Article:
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Supra-renal Glands

The structure of the outer and the inner regions of the supra-renal glands highly differ from each other, and each one produces different hormones. The outer supra-renal cortex is a glandular tissue, while the inner medulla is part of the sympathetic nervous system, and contains bundles of nerve fibres.

Three groups of hormones are produced by the supra-renal cortex:

  • Mineral corticoids
  • Corticosteroids
  • Androgens

An important mineralocorticosteroid is aldosterone, which regulates the sodium-potassium balance in the body and helps adjust blood pressure and volume. The main glucocorticosteroid is cortisol, which controls the body’s use of fat, protein, carbohydrates, and minerals. Besides this, it is quite helpful in resisting stress from exercise, infection, extreme temperatures, and bleeding. The androgens produced by the supra-renals are relatively weak in their effects, compared to those produced by the ovaries and testes during late puberty and adulthood. However, they play a very crucial role in the growth of hair near underarms and pubic areas, in both – males and females. In adult women, they are responsible for the sex drive. The supra-renal medulla produces epinephrine and norepinephrine. In stressful situations, when the sympathetic nervous system becomes activated, the hypothalamus stimulates the supra-renal medulla for the secretion of these hormones, which may later on facilitate or increase the stress response.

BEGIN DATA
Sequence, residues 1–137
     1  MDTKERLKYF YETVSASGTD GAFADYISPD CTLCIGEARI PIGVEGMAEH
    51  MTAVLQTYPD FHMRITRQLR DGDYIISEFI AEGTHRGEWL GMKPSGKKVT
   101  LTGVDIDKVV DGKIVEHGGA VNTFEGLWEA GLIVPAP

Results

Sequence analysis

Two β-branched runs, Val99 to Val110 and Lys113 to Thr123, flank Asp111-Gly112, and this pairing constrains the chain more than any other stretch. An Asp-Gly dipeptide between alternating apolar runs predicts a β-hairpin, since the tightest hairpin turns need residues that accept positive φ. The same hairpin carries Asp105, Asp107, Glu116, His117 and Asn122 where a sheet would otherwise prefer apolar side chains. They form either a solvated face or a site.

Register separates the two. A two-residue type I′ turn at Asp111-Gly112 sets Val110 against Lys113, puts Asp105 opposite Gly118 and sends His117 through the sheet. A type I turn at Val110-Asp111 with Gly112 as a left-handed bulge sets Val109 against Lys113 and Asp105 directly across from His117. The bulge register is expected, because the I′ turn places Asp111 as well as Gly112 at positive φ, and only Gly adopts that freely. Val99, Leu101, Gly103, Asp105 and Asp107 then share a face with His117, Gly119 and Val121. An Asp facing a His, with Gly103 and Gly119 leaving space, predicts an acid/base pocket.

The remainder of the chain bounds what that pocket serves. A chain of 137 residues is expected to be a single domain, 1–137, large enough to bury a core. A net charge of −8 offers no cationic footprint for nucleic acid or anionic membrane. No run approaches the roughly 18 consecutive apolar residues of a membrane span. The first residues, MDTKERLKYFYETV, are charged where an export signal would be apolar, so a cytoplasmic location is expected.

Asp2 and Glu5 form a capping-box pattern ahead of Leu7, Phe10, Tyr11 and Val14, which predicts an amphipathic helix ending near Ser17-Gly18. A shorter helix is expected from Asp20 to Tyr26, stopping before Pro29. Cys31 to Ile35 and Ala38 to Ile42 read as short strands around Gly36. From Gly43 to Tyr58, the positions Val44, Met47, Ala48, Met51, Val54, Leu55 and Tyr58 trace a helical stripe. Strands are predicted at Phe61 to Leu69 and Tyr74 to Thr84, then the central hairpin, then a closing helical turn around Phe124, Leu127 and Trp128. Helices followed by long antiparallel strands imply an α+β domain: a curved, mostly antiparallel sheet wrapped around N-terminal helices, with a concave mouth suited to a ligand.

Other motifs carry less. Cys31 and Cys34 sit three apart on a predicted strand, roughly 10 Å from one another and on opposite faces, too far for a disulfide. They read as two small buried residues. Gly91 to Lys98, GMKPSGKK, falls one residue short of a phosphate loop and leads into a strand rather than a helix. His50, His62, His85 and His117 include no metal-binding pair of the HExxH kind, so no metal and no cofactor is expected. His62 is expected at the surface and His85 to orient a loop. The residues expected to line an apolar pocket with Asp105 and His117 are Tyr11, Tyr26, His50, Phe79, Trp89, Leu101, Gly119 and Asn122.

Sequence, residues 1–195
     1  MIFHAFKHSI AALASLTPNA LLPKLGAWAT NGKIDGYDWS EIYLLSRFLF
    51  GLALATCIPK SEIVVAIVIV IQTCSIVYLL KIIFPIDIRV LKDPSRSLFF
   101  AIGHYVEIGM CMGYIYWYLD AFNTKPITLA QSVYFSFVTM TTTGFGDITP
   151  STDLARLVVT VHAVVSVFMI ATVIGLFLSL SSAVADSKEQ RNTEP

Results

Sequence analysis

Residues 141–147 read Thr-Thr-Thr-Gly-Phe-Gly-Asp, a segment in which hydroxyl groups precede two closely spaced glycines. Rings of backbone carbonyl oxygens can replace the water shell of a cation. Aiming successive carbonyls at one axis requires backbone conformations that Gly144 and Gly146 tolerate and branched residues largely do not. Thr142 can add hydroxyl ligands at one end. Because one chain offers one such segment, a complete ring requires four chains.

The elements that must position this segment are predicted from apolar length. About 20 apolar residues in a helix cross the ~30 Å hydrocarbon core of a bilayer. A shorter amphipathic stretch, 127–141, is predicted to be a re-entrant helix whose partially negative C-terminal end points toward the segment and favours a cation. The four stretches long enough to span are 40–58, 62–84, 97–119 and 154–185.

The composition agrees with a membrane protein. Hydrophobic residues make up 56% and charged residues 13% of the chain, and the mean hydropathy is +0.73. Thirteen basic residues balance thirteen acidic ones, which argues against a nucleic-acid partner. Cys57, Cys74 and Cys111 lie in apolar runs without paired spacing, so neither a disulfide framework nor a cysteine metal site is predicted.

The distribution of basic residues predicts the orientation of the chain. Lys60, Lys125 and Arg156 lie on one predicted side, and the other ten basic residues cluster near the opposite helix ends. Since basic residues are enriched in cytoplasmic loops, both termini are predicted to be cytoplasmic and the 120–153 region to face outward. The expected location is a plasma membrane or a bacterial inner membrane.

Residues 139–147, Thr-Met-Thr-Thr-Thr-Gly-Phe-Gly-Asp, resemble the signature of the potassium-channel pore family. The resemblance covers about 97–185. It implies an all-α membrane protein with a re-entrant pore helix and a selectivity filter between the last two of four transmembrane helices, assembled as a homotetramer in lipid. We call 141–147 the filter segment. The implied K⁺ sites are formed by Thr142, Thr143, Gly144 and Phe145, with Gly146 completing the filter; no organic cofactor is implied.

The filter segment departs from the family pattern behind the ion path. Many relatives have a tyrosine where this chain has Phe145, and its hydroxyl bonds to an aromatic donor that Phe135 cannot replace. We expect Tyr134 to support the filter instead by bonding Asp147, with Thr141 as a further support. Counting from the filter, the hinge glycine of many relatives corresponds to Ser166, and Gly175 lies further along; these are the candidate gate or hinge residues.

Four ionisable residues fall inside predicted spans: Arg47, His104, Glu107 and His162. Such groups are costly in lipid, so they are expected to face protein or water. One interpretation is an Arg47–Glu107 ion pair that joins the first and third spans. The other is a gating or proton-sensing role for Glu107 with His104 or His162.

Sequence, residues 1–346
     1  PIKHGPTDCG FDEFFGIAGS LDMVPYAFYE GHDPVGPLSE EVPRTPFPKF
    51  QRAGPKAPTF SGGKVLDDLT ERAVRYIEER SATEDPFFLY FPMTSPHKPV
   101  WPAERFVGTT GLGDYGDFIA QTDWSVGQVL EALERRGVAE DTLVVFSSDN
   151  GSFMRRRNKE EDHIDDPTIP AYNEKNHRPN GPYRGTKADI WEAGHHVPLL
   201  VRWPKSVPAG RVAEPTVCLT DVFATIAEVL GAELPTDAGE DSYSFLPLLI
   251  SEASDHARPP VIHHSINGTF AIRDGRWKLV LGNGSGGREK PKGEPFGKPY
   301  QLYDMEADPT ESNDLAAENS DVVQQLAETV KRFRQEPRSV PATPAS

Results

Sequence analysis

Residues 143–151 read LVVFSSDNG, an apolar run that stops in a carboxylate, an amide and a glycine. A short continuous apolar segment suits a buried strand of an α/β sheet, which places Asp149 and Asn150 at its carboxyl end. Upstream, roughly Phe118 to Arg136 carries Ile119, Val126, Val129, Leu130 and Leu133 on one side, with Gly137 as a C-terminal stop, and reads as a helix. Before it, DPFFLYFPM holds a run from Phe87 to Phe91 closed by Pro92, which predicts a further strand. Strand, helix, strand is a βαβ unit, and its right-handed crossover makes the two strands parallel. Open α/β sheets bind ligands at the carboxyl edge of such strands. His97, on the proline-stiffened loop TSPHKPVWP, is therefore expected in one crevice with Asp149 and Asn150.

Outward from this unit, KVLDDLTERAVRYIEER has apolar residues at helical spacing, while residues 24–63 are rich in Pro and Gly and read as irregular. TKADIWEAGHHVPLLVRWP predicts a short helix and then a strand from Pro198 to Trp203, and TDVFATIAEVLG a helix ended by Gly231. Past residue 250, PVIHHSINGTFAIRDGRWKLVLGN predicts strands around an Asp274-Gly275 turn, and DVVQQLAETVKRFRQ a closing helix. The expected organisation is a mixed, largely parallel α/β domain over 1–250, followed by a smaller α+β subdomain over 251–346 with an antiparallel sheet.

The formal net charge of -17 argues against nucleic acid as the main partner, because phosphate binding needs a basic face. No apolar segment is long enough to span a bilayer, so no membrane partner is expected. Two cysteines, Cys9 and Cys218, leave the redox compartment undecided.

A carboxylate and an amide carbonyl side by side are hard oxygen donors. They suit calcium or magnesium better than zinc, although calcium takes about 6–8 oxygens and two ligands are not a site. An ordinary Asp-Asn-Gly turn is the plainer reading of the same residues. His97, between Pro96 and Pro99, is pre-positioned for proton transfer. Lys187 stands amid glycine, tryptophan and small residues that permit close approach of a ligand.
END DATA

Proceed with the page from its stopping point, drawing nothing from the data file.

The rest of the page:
Anatomy of the gland
Going by the anatomical structure of the supra-renal gland, each gland sits on a fatty pad on top of the kidney. The cortex forms the bulk of the gland. The medulla contains nerve fibres and blood vessels.

 

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